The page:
14 May 2008
The course is designed to provide youth workers with knowledge and skills to facilitate the development of young people
“In the last few years there have been times where children raped by their relatives have come to see me,” explains Cheryl Sam, a guidance counsellor and social studies teacher. “When this happens I have to do all I can to offer them some comfort and hope that they will be able to get through the ordeal.”
Ms Sam, 43, works with children throughout Guyana, a number of whom have dropped out of school.
Many of the young people she speaks with are exposed to peer pressure, which is also seen by Glenna Toney in her role as a Youth Officer at Guyana’s Ministry of Culture, Youth and Sport. She notes that “there are a great deal of parents who both have to work, so don’t have time to spend with their children, which often leads them exposed to problems like drugs, prostitution and gambling.”
Ms Sam and Ms Toney are graduates of the Commonwealth Youth Programme Diploma in Youth Development Work, which is taught in 45 countries by 27 universities and training agencies across the Commonwealth.
It is designed to provide youth workers with knowledge on which to base their work with young people; an understanding of the values and ethics of the profession; and the practical skills to undertake the work.
Back in class
Despite the difficulties they are encountering, Ms Sam and Ms Toney have witnessed a number of occasions in recent years where their work has directly impacted on an individual’s life. “I have known some kids who left school at 11 but because of the work we have done with them, they are now back in class, because they appreciate that there is another path they can take,” says Ms Toney.
After an impromptu game of football or other local community activity, a team of Ms Toney’s colleagues will often make themselves available, in case any teenager would like to discuss anything that is troubling them. As an unassuming and non-committal presence in communities they aim to be approachable figures for any young person.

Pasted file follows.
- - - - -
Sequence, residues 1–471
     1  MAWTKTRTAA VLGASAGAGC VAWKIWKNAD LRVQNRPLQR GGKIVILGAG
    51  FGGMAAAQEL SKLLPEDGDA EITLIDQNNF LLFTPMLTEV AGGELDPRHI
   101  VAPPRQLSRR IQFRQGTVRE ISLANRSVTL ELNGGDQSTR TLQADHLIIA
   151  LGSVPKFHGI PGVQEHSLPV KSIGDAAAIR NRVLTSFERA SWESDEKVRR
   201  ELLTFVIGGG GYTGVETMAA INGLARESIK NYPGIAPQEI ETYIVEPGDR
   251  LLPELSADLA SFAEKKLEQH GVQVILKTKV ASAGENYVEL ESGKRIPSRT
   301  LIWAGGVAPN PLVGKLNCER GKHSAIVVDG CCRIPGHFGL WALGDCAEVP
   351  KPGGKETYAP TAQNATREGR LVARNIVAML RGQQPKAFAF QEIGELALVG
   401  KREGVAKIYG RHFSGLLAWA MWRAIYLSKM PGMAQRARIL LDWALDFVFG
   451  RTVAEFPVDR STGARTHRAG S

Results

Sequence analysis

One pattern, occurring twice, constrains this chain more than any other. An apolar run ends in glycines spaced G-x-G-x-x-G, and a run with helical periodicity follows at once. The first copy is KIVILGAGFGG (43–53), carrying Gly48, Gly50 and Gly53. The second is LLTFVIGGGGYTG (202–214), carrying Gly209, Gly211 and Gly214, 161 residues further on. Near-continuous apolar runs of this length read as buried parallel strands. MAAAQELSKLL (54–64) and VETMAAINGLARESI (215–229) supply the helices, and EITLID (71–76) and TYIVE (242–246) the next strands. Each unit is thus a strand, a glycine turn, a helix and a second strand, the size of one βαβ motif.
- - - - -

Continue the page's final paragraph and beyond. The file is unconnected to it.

Both youth workers have been able to pass on their training from the diploma to other colleagues working in the same field.
Ms Sam has also implemented an activity which encourages young people to work together, “because they can understand and communicate with each other better than adults can.”
She explains: “Because we can’t be with them the whole time, I give advice to young people so when they speak with each other they can pass it on so that it becomes endemic within their groups.”
The Commonwealth’s Diploma is concerned with young people's personal and social development in its broadest sense, and uses both formal and informal educational methods. It is made up of 13 ‘core’ modules, in addition to region-specific modules. The modules cover topics such as enterprise and economic development, youth policy, gender, health, project management, the environment and sustainable development.
I am a first year student of the commonwealth youth in Development work diploma course in the university of Ghana Legon.It is very interesting course and very educative.I have already recommended it to most of my colleagues.Thanks Commonwealth secretariar for this opportunity
Dear Sir, Please I am a Nigerian. I am Currently Living in Nigeria. I am a youth worker for over a decade, Please I need more infomation about the Commonwealth Diploma educates the educators\. kindly send to me all the detail and application pack . Thanks Omotosho Bolarinwa Michael
I find this interesting more especially in South Africa.I am one in a million who is dealing with youth programmes but still I need to be capacitated and empowered so that I can be able to have different approach tactics when it comes to urban /rural communities.
The services of these diplomats are needed especially in Africa where qualified educationist are not available. The educators will also be motivated if they must go and reach out to these people because it is not easy to stay in a strange land and deliver one's services.